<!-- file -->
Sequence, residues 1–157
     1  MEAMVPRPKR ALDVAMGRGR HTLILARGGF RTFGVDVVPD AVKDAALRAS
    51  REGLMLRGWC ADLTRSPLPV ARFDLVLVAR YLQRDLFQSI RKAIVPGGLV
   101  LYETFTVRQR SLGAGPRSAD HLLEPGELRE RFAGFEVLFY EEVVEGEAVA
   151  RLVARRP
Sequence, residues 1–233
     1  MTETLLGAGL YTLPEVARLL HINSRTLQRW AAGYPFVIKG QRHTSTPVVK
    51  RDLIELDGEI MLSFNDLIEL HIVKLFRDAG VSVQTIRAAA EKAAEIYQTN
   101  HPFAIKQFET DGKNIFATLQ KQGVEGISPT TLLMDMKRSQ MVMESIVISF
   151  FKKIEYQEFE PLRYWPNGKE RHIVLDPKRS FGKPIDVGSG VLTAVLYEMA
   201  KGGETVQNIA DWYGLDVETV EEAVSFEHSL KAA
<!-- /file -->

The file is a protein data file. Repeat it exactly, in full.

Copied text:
Sequence, residues 1–157
     1  MEAMVPRPKR ALDVAMGRGR HTLILARGGF RTFGVDVVPD AVKDAALRAS
    51  REGLMLRGWC ADLTRSPLPV ARFDLVLVAR YLQRDLFQSI RKAIVPGGLV
   101  LYETFTVRQR SLGAGPRSAD HLLEPGELRE RFAGFEVLFY EEVVEGEAVA
   151  RLVARRP
Sequence, residues 1–233
     1  MTETLLGAGL YTLPEVARLL HINSRTLQRW AAGYPFVIKG QRHTSTPVVK
    51  RDLIELDGEI MLSFNDLIEL HIVKLFRDAG VSVQTIRAAA EKAAEIYQTN
   101  HPFAIKQFET DGKNIFATLQ KQGVEGISPT TLLMDMKRSQ MVMESIVISF
   151  FKKIEYQEFE PLRYWPNGKE RHIVLDPKRS FGKPIDVGSG VLTAVLYEMA
   201  KGGETVQNIA DWYGLDVETV EEAVSFEHSL KAA